That was when I first spotted her. She was a young, slim, twenty-something, with a leather-bound notebook in one hand and tightly pressing her purse against her hip, which was already safely strapped over her shoulder, with the other. Looking extremely nervous, she scanned the room for whoever she was supposed to be meeting. Suddenly she realized she still had her sunglasses on and quickly whipped them from her face, hoping that no one noticed. “No wonder it’s dark in here,” I heard her mutter to herself as she shoved them into her purse. Her nervousness intrigued me, and I was curious to see the cause of her anxiety.
Now apparently confident that she had arrived before whoever it was she was to meet, she noticeably relaxed and began casually surveying each person as they stepped in from the bright morning light. Over the next several minutes, half a dozen people passed through the door, each making eye contact with her and then looking away as they proceeded to the counter. I felt like she was wondering if she had missed her expected connection or if she had totally screwed up the date or time or something. Then, suddenly to her relief, a very well dressed, elderly woman stepped in and immediately approached her.
“Mrs. Ferguson?” the young woman, nervously asked.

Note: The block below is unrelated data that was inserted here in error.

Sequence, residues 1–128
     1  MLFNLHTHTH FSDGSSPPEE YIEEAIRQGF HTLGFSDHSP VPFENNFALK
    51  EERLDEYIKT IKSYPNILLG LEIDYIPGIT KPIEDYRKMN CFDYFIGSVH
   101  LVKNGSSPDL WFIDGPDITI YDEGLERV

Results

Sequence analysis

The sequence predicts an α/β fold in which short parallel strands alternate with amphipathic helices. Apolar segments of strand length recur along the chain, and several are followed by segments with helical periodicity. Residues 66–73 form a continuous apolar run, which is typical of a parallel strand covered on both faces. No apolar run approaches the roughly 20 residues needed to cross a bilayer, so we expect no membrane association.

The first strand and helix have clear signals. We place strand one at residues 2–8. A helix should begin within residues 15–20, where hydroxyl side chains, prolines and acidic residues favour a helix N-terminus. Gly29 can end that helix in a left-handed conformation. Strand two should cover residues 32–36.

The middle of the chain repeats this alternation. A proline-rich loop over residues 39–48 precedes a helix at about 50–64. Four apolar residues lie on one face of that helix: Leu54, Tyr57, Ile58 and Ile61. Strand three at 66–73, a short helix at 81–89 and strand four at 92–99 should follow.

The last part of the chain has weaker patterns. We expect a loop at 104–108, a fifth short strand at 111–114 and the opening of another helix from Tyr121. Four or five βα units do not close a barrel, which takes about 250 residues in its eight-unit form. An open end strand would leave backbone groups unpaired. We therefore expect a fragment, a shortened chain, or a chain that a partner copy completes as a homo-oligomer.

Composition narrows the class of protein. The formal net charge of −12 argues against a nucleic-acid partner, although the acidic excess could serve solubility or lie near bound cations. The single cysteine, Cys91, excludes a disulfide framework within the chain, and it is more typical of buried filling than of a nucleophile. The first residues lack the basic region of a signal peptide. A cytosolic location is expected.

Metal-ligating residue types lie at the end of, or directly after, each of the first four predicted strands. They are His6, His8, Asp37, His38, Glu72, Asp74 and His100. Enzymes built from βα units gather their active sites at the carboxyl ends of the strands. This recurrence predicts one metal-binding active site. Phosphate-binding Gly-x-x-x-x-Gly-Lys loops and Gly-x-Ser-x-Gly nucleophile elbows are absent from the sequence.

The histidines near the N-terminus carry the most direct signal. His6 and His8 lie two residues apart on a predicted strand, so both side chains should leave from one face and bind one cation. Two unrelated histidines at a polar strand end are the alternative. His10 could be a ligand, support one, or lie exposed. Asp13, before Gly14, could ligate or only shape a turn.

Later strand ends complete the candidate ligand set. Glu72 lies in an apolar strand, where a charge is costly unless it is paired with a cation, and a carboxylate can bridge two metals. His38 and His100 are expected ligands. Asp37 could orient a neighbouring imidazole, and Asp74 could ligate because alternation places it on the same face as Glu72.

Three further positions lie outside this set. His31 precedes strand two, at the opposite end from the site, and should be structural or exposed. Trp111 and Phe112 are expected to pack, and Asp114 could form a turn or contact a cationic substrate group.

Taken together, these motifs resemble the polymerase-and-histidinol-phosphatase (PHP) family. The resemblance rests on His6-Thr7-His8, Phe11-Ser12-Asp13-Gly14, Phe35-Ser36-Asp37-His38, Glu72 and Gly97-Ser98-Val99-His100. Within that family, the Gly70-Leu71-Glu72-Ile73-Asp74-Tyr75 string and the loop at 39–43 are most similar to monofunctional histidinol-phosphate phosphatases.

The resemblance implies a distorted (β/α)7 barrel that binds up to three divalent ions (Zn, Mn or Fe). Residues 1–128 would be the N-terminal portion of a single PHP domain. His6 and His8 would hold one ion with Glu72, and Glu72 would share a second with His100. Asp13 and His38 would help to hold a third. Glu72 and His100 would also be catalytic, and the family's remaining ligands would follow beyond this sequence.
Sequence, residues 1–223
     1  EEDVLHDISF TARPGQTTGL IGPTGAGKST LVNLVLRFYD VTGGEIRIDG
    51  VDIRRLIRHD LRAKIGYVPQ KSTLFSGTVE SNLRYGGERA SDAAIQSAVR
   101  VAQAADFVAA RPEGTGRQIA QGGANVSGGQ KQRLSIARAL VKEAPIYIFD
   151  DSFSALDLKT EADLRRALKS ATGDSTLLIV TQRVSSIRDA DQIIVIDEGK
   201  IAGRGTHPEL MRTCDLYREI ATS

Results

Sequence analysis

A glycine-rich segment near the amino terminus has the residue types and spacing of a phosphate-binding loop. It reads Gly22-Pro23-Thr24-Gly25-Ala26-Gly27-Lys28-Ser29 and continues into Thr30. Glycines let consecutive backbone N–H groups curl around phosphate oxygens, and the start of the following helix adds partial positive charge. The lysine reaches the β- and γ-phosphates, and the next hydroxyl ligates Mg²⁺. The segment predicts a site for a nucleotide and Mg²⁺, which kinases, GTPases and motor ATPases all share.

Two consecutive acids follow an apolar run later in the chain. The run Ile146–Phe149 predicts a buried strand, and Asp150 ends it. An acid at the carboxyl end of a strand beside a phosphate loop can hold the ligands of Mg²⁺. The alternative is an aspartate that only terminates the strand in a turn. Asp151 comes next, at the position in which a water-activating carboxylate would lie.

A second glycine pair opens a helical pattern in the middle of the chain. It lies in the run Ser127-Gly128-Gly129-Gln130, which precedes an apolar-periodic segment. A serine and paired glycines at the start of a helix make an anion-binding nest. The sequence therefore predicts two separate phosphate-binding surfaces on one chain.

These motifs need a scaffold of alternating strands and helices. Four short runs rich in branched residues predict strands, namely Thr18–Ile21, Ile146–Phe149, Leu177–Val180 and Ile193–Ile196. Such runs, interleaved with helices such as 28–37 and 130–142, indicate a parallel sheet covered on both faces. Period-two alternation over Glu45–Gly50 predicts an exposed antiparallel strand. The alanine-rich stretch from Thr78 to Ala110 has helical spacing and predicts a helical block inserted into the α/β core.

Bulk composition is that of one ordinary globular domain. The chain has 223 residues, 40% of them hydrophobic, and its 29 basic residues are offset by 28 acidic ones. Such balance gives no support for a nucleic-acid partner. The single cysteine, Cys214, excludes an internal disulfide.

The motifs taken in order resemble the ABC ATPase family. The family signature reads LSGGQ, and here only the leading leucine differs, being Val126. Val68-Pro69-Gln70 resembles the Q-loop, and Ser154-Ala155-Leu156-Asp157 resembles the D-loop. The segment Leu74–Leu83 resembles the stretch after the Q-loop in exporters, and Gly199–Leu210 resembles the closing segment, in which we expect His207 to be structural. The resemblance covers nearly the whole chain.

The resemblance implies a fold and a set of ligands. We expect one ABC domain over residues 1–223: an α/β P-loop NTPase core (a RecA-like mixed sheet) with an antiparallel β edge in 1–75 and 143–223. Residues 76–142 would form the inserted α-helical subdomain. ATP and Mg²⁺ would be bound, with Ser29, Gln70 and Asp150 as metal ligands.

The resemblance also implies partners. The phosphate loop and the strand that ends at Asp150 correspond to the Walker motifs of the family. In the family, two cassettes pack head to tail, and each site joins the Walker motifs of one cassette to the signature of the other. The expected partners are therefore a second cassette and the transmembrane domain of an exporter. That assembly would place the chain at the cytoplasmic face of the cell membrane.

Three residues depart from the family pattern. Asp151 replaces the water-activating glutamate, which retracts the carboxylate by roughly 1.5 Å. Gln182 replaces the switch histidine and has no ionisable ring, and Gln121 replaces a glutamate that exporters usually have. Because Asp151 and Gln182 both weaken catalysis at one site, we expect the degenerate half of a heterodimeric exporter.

“Yes … Melissa?” the older woman answered, with a friendly smile as she extended her hand.
“Yes,” Melissa said, gripping her hand in a nervous but grateful handshake. “I was afraid I was late. I’ve heard that Austin traffic is getting better, but you’d never know it from MoPac. I thought I’d be early, but I had to dodge and weave….”
“Oh, I know,” Mrs. Ferguson said, reassuring her young acquaintance that she was actually the one that was late.
“Where did you have to come from?” Melissa asked.
“Oh, I live right here in Tarrytown. It’s just five minutes away.”
Melissa was clearly beginning to relax. When I first spotted her, I had been standing at the cream and sugar table, adjusting my coffee. But now that she had met up with the apparent, Mrs. Ferguson, I was very curious about the purpose of their meeting. So, as they headed for the counter, I fell in behind them so that I could eavesdrop. I already had my coffee, but I was now suddenly hungry for a scone. I envisioned that the young Melissa would start the conversation by explaining how she and her millennial friends love to come here for coffee. But their awkward silence was graciously broken by the voice of the barista, “What can I get started for you?”
Melissa ordered a double mocha latté with a touch of cinnamon, which was apparently her usual. And the more traditional Mrs. Ferguson ordered a simple brewed coffee.